Sunday, Oct 22, 2017
Industry & Trade | Middle East | United Arab Emirates

Rising Innovation & Knowledge Transfer

Expo 2020 will take US-UAE historic series of ‘firsts’ to a whole new level


2 years ago

Bilal Sabouni, Executive Vice President of the American Business Council of Dubai and the Northern Emirates (ABC Dubai)
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Bilal Sabouni

Executive Vice President of the American Business Council of Dubai and the Northern Emirates (ABC Dubai)

Bilal Sabouni, Executive Vice-President of the American Business Council of Dubai and the Northern Emirates (ABC Dubai), discusses the US-UAE bilateral business and trade relations that have made the UAE America’s largest export destination in the region.

Could you please provide an overview of the bilateral relations in terms of business and trade between the US and the UAE?

The US has enjoyed a wonderful, mutually beneficial relationship for business and trade with the United Arab Emirates for many decades now. In fact, despite being halfway around the world, the United States was the third country in the world to recognize the United Arab Emirates as a sovereign nation in 1971.

It was this recognition that paved the way for a number of historic ‘firsts’ for the then young UAE. As a new nation, the UAE’s first established hotel in 1972 was a great American brand, the Hilton. This predated the establishment of the American Business Council (ABC), which is celebrating its 30th anniversary this year, by an additional 13 years. It was a historic and important moment that helped usher in the beginning of an open, hospitable, and welcoming nation.

With the establishment of the ABC in 1985, we have had the fortune of bearing witness to many great moments in commerce and trade across all major sectors, including healthcare, academia, sports and culture, energy, transportation, food & beverages, logistics, and many others. It was in December 1994 that the first McDonald’s was opened in Dubai. In 1995, the first academic institution, the American University in Dubai was founded, and a decade later, we see the likes of the Nasdaq opening and Bloomingdale’s establishing their first international location outside the US here. In air transport, Delta was the first to establish a non-stop connection between Dubai and Atlanta, and today, the UAE carriers conduct over 250 flights a week to cities all across the US.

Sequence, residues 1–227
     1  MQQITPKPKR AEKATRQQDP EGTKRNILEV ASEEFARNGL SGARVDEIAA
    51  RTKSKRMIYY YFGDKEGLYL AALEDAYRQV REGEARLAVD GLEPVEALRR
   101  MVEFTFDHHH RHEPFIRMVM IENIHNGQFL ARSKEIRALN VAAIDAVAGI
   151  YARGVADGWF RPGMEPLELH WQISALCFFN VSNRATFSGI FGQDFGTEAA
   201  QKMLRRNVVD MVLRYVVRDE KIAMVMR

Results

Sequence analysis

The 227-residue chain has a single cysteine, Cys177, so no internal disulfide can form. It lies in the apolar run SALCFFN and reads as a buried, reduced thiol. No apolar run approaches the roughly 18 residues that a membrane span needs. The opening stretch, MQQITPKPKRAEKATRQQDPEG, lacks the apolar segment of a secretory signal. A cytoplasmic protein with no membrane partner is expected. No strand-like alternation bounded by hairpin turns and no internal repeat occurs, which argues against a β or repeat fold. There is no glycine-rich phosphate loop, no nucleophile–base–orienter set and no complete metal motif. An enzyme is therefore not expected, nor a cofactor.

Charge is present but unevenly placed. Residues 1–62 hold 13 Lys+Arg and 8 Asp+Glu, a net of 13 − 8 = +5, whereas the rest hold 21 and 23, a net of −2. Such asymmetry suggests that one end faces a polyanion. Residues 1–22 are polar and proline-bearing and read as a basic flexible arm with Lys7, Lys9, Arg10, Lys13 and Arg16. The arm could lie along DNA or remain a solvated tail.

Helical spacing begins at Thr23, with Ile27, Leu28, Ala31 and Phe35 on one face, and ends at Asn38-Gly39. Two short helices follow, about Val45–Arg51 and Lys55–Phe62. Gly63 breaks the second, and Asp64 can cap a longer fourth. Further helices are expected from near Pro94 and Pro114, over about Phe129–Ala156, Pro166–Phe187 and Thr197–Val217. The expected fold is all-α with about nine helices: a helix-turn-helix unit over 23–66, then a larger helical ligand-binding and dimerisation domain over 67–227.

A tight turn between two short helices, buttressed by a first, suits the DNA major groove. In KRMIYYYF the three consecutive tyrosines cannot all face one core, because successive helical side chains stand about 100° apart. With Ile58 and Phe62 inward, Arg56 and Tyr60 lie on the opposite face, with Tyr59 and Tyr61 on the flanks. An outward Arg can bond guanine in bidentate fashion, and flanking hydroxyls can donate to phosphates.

The commercial relationship continues to strengthen as the two countries continue engaging with one another. Last year marked yet another year with the UAE being the US’s largest export market in the region, surpassing Saudi Arabia and even India to the East.

Since you mentioned Delta, what is your perspective on the escalating row between the US and Gulf carriers? What do you think could be the potential consequences in the aviation sector for both countries? 

That is a good question, and you highlighted a very important point within that question, which are “the consequences”. The consequences of an escalating dispute may include an attempt to end the Open Skies treaty, and in my opinion, the consequences of that are negative for all. The advantages of keeping this relationship intact by far outweigh the reasons to eliminate it. I believe this row will deescalate over the coming weeks and months and will continue to take a backseat to the direct and indirect economic advantages stemming from the positive impact that the treaty brings to everyone.